The Russian state-funded TV channel RT says its American division has been given a November 13 deadline by the U.S. Justice Department to register under the U.S. foreign agents law.
RT, which used to be known as Russia Today, said in a statement on its website on November 9 that a move to register under the 79-year-old Foreign Agents Registration Act could lead to closure of its U.S. operations.
The Justice Department, which has repeatedly refused to either confirm or deny ordering RT to register under FARA, declined to comment to RFE/RL on November 9.
FARA requires people working in the United States for a foreign government in a "political or quasi-political capacity" to register with the Justice Department. The law was passed in 1938 specifically to counter fears of Nazi propaganda and misinformation being spread in the United States.
RT's top editor, as well as President Vladimir Putin and other Russian officials, have threatened repercussions against some U.S. media in Russia if the registration order is enforced. CNN, as well as RFE/RL and Voice of America, have also been named as possible targets for retaliation.
In October, the Russian Justice Ministry warned RFE/RL that its operations in Russia could be restricted under Russia's own "foreign agents" law.
While RT distributes its programs freely in the United States on cable television, RFE/RL is already subject to severe restrictions in Russia, with nearly all of its radio broadcasts forced off the air by 2012 due to administrative pressure. Neither RFE/RL nor VOA has access to cable TV in Russia.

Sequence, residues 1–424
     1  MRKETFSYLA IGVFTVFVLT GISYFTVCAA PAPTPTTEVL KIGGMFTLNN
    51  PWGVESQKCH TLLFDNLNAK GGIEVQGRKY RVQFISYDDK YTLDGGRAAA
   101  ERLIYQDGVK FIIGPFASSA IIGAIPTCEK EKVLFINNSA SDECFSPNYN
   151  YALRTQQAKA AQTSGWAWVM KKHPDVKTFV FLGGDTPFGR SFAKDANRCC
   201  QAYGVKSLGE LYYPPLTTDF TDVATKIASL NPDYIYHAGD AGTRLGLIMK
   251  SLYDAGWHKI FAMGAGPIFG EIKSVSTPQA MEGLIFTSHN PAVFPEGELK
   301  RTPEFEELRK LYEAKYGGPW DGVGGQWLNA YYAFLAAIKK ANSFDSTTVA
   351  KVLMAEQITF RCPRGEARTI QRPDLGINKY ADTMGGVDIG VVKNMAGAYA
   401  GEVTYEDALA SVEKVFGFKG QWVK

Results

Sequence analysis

A U.S. intelligence report has said that RT was one of the primary conduits through which the Kremlin sought to influence the 2016 U.S. presidential election.
U.S. officials say that Russia's foreign agents law, which Kremlin critics and civil society activists say has been used by Putin's government to silence dissent and discourage a free exchange of ideas, differs significantly from FARA.
"Russia’s foreign agents law has been interpreted to apply to organizations that receive even minimal funding from any foreign sources, government or private, and engage in political activity, defined so broadly as it covers nearly all civic advocacy," State Department spokeswoman Heather Nauert said in October.
Under the U.S. law, Nauert said, registration "is simply triggered when an entity or an individual engages in political activity. When the United States tells someone to register under a foreign agent requirement, we don’t impact or affect the ability of them to report news and information. We just have them register. It’s as simple as that."
According to the most recent report filed with the Justice Department, at least five foreign media outlets have registered under FARA, including broadcasters from Canada, Korea, Japan, and others.